The next thing to decide is, how to choose
the value k_{i}. A constant value for k_{i} seems
in view of (9) out of the question, because k_{i}
has the dimension of a frequency. Apart from
initial difficulties it seems reasonable to choose
k_{i} proportional to f(t_{i}) i.e.
To get some feeling for a reasonable value
for d, we consider f(t) for t≥0 as results
from an
infinite sequence of events that have
occurred at t=0, 1, 2, 3, .... etc; for all passed
events we may assume the same value k
_{i} = k
and we find for f(t), according to (6) and (10)
 ∞ 
f(t) = k.  Σ k.(t+i).e^{k.(t+i)} 
 i=0 
which, indeed satisfies f(0) = f(1) as was to
be expected.
Note. I summed the sequence and found
 k^{2}.e^{k.t} e^{k}

f(t) =  (————) . (t + ————)

 1  e^{k} 1  e^{k}

(End of note)
The functions (10) have all one maximum,
viz. at t = k_{i}^{1}. We would like to attribute
the maximum of f(t) for 0 ≤ t ≤ 1 to the term
with i = 0 (i.e. the last event). For i > 0 all the
terms should be decreasing functions of t for t > 0.
We can expect the smoothest maximum of f(t)
if it is in the neighbourhood of t = ½ and
this suggests k in the neighbourhood of 2 and
For, because in the average f(t) = 1, we know
that f(0) = f(1) < 1, therefore with d = 2 we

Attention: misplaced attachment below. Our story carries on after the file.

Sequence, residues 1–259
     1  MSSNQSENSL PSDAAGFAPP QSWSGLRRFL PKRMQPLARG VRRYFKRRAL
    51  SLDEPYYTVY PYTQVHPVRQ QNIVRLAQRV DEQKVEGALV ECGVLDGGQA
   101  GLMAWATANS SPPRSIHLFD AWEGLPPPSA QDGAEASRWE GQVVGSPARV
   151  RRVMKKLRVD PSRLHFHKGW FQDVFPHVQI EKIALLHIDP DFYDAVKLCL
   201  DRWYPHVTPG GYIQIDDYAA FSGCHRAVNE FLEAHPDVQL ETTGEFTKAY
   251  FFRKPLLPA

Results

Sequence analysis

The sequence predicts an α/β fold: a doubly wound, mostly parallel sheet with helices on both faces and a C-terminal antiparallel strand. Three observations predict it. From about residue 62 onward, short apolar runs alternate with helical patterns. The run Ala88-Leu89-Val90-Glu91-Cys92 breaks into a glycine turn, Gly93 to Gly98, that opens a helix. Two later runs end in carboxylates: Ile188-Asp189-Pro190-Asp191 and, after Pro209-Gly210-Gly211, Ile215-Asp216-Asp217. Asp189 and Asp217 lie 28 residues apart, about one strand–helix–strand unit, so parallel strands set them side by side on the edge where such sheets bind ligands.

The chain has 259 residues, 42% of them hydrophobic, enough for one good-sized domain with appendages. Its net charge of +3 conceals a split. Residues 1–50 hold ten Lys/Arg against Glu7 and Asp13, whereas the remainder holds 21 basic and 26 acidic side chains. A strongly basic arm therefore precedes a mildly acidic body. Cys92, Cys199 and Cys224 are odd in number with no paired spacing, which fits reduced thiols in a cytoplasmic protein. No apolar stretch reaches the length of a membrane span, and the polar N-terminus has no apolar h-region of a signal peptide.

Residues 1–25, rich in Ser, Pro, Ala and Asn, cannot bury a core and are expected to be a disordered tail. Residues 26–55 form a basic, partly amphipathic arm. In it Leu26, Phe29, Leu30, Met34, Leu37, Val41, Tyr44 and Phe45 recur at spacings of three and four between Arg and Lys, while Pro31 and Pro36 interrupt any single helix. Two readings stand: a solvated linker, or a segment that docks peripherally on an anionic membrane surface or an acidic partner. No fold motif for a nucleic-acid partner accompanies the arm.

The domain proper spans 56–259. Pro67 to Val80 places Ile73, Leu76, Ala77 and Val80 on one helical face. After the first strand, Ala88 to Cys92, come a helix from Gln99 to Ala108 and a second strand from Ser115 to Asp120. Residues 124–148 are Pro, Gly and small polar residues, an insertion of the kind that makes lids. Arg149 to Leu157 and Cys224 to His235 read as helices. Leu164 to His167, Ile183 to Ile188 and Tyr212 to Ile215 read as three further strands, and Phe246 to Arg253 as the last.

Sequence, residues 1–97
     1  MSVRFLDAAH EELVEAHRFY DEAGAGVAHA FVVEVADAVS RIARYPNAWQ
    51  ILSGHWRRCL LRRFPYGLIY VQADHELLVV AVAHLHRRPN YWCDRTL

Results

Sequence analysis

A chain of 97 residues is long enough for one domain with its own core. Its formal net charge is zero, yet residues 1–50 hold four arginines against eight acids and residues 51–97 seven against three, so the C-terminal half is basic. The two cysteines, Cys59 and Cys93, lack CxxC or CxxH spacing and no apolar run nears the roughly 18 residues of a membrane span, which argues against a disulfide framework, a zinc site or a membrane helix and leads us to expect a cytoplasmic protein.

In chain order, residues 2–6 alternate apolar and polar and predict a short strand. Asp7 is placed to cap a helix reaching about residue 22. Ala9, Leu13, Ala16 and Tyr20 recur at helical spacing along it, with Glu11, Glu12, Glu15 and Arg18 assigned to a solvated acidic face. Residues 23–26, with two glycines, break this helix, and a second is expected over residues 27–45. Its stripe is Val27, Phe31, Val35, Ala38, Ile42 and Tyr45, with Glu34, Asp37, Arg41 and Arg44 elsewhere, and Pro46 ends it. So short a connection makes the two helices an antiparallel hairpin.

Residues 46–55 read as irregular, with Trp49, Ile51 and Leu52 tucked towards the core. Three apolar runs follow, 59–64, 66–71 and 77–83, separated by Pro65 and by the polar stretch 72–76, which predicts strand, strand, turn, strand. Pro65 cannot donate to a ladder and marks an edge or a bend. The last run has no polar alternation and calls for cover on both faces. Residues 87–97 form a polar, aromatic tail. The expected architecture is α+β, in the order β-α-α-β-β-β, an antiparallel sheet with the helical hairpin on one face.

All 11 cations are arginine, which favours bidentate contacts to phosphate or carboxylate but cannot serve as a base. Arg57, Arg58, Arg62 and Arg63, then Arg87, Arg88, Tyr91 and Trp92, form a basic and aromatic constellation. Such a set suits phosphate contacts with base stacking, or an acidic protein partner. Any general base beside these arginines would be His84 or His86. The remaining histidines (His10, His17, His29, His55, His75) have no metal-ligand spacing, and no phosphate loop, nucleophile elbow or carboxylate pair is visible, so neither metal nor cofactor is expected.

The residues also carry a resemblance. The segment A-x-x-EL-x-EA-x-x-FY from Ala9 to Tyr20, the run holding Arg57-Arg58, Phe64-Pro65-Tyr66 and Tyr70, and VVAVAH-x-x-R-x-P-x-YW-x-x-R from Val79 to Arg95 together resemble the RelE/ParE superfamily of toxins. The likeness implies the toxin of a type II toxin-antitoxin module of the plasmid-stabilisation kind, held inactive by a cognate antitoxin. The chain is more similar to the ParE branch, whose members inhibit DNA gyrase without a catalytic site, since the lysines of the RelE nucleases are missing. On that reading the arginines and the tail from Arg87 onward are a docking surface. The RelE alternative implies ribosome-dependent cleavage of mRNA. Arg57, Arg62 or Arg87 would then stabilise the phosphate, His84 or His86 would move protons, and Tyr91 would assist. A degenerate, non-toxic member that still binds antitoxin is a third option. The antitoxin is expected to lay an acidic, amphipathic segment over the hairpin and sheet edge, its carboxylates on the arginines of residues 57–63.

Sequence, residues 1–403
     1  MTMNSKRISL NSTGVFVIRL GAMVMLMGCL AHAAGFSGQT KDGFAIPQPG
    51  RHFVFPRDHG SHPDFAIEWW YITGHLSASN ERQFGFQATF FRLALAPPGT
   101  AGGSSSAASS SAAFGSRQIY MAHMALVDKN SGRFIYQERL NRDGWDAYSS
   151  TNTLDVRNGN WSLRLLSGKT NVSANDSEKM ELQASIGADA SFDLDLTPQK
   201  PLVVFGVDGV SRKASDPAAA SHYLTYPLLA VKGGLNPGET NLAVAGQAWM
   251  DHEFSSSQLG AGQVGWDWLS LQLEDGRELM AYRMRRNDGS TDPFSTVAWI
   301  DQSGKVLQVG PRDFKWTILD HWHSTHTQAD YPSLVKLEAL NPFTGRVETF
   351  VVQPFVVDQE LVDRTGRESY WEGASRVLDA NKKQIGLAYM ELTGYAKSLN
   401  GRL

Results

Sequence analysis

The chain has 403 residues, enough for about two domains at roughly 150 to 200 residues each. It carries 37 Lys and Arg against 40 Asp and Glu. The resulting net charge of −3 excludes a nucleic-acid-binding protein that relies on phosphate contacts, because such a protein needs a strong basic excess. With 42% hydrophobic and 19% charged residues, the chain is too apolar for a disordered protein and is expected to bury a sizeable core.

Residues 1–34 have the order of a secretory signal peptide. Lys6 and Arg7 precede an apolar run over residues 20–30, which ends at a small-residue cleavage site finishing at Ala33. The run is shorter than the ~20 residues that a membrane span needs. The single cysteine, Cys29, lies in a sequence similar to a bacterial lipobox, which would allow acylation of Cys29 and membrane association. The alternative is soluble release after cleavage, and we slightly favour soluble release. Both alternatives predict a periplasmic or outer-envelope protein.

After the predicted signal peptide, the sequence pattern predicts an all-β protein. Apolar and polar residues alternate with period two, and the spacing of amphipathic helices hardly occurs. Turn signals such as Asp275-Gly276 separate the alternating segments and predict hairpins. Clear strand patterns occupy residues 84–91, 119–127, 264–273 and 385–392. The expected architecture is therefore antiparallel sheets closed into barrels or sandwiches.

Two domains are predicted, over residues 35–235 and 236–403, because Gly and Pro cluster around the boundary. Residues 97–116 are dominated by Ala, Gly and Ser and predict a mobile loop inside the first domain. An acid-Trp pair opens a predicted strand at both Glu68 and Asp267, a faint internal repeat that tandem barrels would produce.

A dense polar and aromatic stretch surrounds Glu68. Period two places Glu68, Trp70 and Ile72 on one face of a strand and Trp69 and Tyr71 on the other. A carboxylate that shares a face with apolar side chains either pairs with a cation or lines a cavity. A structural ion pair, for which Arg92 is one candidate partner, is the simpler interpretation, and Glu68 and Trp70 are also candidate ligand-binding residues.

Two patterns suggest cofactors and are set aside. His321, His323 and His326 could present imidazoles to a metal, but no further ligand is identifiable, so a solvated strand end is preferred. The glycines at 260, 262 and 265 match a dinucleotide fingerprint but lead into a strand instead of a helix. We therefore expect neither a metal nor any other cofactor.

shall find k < 2 and the term with i = 0
will reach its maximum at t
_{0} > ½. Because
the contribution of the remaining terms is a
decreasing function of t, this will be compensated
and f(t) will find its maximum at t
_{f} < t
_{0}.
Note. Using I sliderule I have investigated the
consequences of the choice d = 2. Salvo errore et
omissione I found for k=1.616, f(0) = f(1) = 0.808
as minimum value for f(t) and f(0.41) = 1.105 as
maximum value. Anyone that would like to rely on
these figures should reestablish them in a more
reliable manner, I only mention these results because
they represent the outcome of an hour’s work and give
some impression of how smooth f(t) becomes
in the case of equally spaced events. If it were
of importance, I would try slightly smaller values of
d as well. (End of note)
19th February 1975  prof.dr.Edsger W. Dijkstra

Plataanstraat 5  Burroughs Research Fellow

NUENEN  4565 

The Netherlands 

Transcribed by Martin P.M. van der Burgt
Last revision
20141208
.